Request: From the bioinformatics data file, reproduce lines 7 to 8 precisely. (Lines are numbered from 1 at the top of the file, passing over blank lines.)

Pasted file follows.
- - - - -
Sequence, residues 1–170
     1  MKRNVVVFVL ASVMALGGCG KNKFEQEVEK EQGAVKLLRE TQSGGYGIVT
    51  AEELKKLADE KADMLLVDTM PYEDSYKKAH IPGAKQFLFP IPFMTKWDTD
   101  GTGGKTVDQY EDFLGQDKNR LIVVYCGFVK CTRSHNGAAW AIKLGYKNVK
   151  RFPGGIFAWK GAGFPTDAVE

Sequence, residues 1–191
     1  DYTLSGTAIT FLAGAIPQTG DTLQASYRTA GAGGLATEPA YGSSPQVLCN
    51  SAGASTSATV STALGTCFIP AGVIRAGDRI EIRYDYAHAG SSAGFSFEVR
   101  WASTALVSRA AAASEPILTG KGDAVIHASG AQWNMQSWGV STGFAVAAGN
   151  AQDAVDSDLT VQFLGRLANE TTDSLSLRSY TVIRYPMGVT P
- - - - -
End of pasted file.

     1  DYTLSGTAIT FLAGAIPQTG DTLQASYRTA GAGGLATEPA YGSSPQVLCN
    51  SAGASTSATV STALGTCFIP AGVIRAGDRI EIRYDYAHAG SSAGFSFEVR